They apparently had good reasons for doing all these weird things. I don't remember if it's in the dvd special features or I read it elsewhere, but, well, Tolkien is not the master of
Quote:

Upon the hearth the fire is red,
Beneath the roof there is a bed,
But not yet weary are our feet,
Still round the corner we may meet:
A sudden tree or standing stone
That none have seen but we alone.

Tree and flower and leaf and grass,
Let them pass! Let them pass!
Hill and water under sky,
Pass them by! Pass them by!

Still round the corner there may wait
A new road or a secret gate
And though we pass them by today
Tomorrow we may come this way
And take the hidden paths that run
Towards the Moon or to the Sun.

Apple, thorn, and nut and sloe,
Let them go! Let them go!
Sand and stone and pool and dell,
Fare you well! Fare you well!

Home is behind, the world ahead
And there are many paths to tread
Through shadows to the edge of night
Until the stars are all alight.
Then world behind and home ahead
We'll wander back to home and bed.

Mist and twilight, cloud and shade,
Away shall fade! Away shall fade!
Fire and lamp, and meat and bread,
And then to bed! And then to bed!

err, what was I saying? Oh, yes, not the master of brevity or sensible continuity. (I was also going to describe a tree for 16 pages but I thought this should be sufficient.)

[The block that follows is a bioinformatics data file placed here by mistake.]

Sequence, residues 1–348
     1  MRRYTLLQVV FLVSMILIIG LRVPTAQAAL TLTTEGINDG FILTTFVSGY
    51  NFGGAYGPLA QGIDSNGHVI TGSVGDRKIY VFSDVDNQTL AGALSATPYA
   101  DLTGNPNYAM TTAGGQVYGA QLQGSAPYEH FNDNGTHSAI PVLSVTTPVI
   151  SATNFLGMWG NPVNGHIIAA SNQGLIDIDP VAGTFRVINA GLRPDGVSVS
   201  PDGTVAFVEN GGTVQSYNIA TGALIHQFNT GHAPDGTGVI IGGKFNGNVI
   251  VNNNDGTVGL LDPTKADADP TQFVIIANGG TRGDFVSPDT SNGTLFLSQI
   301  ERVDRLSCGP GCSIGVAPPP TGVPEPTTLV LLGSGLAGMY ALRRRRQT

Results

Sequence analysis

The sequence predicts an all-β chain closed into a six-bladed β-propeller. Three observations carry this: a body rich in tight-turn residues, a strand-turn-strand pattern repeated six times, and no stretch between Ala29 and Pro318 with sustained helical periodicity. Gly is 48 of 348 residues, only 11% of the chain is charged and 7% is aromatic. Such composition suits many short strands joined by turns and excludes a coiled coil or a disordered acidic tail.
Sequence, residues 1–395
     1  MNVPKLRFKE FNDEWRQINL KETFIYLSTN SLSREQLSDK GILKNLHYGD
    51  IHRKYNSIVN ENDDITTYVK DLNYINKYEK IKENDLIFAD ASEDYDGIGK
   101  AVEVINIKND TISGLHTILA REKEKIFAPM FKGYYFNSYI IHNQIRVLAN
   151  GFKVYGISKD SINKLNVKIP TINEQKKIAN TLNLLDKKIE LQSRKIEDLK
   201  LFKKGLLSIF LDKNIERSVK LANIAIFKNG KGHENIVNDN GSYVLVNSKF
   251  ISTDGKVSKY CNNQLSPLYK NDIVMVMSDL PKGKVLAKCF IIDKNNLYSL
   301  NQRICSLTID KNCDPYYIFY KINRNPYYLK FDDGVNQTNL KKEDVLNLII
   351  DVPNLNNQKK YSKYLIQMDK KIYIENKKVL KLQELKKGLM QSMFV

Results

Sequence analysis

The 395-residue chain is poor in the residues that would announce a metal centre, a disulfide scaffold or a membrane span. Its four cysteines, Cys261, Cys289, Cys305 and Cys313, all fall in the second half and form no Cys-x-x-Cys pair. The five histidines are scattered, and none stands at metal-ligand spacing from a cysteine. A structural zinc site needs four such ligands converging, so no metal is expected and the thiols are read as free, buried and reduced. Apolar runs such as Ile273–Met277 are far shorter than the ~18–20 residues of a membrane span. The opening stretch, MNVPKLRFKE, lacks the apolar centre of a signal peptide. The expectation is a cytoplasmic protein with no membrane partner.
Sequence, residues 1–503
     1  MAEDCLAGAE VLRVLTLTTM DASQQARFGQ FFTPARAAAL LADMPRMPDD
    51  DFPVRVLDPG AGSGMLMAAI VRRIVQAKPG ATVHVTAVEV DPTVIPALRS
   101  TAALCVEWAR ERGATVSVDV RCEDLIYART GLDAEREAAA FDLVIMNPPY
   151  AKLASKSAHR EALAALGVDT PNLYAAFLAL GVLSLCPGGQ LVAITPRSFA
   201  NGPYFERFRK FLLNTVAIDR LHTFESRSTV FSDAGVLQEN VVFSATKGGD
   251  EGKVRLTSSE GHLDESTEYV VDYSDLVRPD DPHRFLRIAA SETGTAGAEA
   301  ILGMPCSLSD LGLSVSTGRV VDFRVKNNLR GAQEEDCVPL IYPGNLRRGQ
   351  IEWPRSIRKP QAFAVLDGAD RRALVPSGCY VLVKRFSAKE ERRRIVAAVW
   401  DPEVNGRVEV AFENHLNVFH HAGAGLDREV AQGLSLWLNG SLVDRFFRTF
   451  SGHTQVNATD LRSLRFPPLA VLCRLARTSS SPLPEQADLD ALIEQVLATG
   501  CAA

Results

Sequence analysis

Originally Posted By: Randomizer
instead of bloating the final version

wat
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Originally Posted By: Randomizer
JRR Tolkien's son, Christopher, started releasing the remaining works including the rough drafts of LotR. It's interesting to see the earlier versions and what got transferred to the appendicies instead of bloating the final version.
But the appendices are good because they help clarify a few details left out of the final version of the book.

The only real bloat I saw anywhere in LoTR was added by Peter Jackson.
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Re-re-re-reading the Wheel of Time...It's been three days and I'm already halfway through TGH. This is what happens when my Internet access is removed.

 

Two days later, I'm on Book 4. This might not be the best idea...I'm starting to see things.

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Originally Posted By: Taslim
Originally Posted By: Taslim
Re-re-re-reading the Wheel of Time...It's been three days and I'm already halfway through TGH. This is what happens when my Internet access is removed.


Two days later, I'm on Book 4. This might not be the best idea...I'm starting to see things.

Yeah, I'm thinking it's about time to re-read at least part of this thing again. I re-read all of it last year for the release of Book 12. Probably not that again. Am tempted to start back up at Book 8-ish, just to get the stuff that I didn't really pay attention to the first time, but probably won't... will probably just re-read 11 and 12 now and again right before Book 13 comes out near the end of the year.